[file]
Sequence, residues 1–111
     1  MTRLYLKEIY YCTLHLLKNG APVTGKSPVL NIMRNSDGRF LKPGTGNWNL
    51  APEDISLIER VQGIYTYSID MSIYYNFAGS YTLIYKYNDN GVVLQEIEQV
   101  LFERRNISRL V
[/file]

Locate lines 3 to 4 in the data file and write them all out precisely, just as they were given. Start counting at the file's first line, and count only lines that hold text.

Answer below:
    51  APEDISLIER VQGIYTYSID MSIYYNFAGS YTLIYKYNDN GVVLQEIEQV
   101  LFERRNISRL V